But if you don’t have an ED, and your only concern is your daughter’s well-being, how likely are you to concern yourself with portraying other people’s experiences accurately? Especially if your strategy for connecting with teens who suffer from ARFID is to make them feel special and superior to those boring anorexics and bulimics.

One more:

 

‘ “You guys, from what I heard last week, have had traumatic experiences at older ages, like divorce or abuse, or something bad happening later. […] [Y]ou used to be able to eat normally before you had your disorder. […] But I never ate normally.” ’ - p72

 

First, childhood anorexia is a real disorder. People can develop it at extremely young ages. Secondly, Elliot is contradicting herself: a little earlier in the book, her mother says that Pea ate normally until she was about three years old. ARFID is actually closely associated with autism (one of the reasons it’s common in young men), a fact that Elliot completely fails to mention, and autism generally manifests from birth. You’d think she would mention something that important about ARFID while writing a book intended to help kids who suffer from ARFID, right?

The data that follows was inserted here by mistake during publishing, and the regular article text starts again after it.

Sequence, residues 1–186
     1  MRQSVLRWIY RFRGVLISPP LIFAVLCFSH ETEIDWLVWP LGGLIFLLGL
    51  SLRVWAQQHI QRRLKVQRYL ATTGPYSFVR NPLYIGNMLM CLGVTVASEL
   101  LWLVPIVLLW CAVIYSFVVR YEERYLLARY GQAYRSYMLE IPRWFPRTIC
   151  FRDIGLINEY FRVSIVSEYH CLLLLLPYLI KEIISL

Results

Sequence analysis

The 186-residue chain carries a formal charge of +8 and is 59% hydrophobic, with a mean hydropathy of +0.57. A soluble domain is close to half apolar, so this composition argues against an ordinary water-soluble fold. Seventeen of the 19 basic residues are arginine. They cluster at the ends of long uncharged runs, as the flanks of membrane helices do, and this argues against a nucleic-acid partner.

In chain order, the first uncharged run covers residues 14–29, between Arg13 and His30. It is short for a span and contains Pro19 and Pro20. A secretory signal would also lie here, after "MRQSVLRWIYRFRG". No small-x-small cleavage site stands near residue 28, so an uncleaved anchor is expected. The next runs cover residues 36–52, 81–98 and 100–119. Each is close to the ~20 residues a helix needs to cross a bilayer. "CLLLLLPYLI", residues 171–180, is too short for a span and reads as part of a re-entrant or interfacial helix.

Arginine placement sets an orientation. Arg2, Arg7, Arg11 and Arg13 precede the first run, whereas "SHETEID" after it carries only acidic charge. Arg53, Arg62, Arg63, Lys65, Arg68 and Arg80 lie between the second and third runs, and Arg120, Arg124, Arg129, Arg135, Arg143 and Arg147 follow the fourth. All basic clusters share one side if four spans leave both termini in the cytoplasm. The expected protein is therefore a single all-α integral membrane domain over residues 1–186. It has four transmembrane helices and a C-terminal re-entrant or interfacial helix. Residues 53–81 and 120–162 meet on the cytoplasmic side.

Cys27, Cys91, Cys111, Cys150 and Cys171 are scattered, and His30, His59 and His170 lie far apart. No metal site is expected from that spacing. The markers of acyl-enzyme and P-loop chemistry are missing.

And then there’s THIS:

 

‘You go straight to the psych ward. Because that’s really what it is. A place for crazies.

You don’t talk to your parents on the way to the “hospital” as they call it, although you know it’s the Crazy House. You’re scared to death, because you’ve seen movies about crazy people and you know it’s all just about taking your meds in small paper cups and wearing hospital gowns and maybe even getting strapped to your bed at night. And freaky people shouting out the answers to Jeopardy! every evening, and crappy food they might shove down your throat to force you to eat.’ - p196

 

After much wtf-ing, I thought, how great it would be if Pea were to have a mostly good but mixed experience of the hospital ward? She’d meet some good people, think about how she was mistaken in characterising them as “crazies”, perhaps have some problems with the staff who don’t understand her ED for what it is, a passage that corrects a character’s mistaken assumptions…you know, good writing. Instead, one of the kids that Pea gets to know commits suicide (in a closed ward, and it’s never explained how this is possible); Pea is not given any of her “safe” foods and so is left to starve for weeks; bullying is rampant and horribly addressed; and, as I’ve mentioned, the majority of authority figures in the ward are cartoonishly villainous. Pea refers to the ward as the Crazy House for the rest of the book, even after she leaves it.